If Congress wants to wring maximum suffering from minimal savings, then cutting funding for food stamps in this sluggish economy is just the ticket.
That's what Congress is poised to do if farm legislation under consideration that includes funding for the $80-billion-a-year Supplemental Nutrition Assistance Program becomes law. It's the wrong place for cost cutting.
Since the economic crisis began, the number of people on Long Island relying on food stamps for their daily bread has more than doubled, to 178,000. In 2008 there were 29,459 recipients in Nassau and 44,326 in Suffolk. Those numbers have soared to 66,682 in Nassau and 111,065 in Suffolk this year. Nationally, 46 million people receive food stamps. Four in 10 live in households with earnings. About seven in 10 are children.
Despite the obvious need, a $500-billion farm bill passed by the Senate in June would cut funding for the program by $4.6 billion over five years. A bill the House Agriculture Committee approved in July, which the full House has yet to vote on, would cut $16 billion over a decade, and some Republicans are pushing for more.
The current farm bill expires Sept. 30, so the clock is ticking for Congress to ensure that money for the federal government's first line of defense against hunger doesn't disappear. The spending for food aid benefits farmers by increasing demand for the crops they sell.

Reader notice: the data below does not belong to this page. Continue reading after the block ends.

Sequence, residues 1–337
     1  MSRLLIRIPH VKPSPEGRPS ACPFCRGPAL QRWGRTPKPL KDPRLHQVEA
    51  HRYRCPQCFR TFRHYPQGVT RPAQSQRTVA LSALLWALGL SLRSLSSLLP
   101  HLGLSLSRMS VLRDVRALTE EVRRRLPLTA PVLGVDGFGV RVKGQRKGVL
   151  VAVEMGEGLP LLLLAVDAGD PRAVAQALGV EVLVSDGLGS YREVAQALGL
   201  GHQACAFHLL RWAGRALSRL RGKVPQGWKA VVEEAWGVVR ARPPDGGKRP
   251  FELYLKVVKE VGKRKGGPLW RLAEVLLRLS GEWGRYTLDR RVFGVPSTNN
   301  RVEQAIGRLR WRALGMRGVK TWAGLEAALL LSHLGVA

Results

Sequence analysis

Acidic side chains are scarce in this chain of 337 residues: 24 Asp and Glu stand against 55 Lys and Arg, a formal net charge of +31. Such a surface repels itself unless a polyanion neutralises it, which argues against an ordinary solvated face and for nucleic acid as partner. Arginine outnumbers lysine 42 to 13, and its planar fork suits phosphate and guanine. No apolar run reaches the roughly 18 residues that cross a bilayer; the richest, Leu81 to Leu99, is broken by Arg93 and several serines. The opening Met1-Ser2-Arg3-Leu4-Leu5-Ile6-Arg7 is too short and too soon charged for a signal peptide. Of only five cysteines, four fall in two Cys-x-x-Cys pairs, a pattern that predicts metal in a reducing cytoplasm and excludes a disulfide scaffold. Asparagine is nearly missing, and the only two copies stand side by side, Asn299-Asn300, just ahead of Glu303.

The federal budget deficit is $1.1 trillion. Washington can't continue spending that much more than it collects in taxes. But savings from such cuts to the food stamp program would be fairly inconsequential, while their impact would be very consequential for recipients struggling to feed their families. Even the more modest $4.6 billion cut the Senate approved would mean a reduction of $90 a month for some food stamp recipients in New York State, according to the Congressional Budget Office.
Congress should not take food from the mouths of the hungry. The world's richest nation shouldn't be that heartless.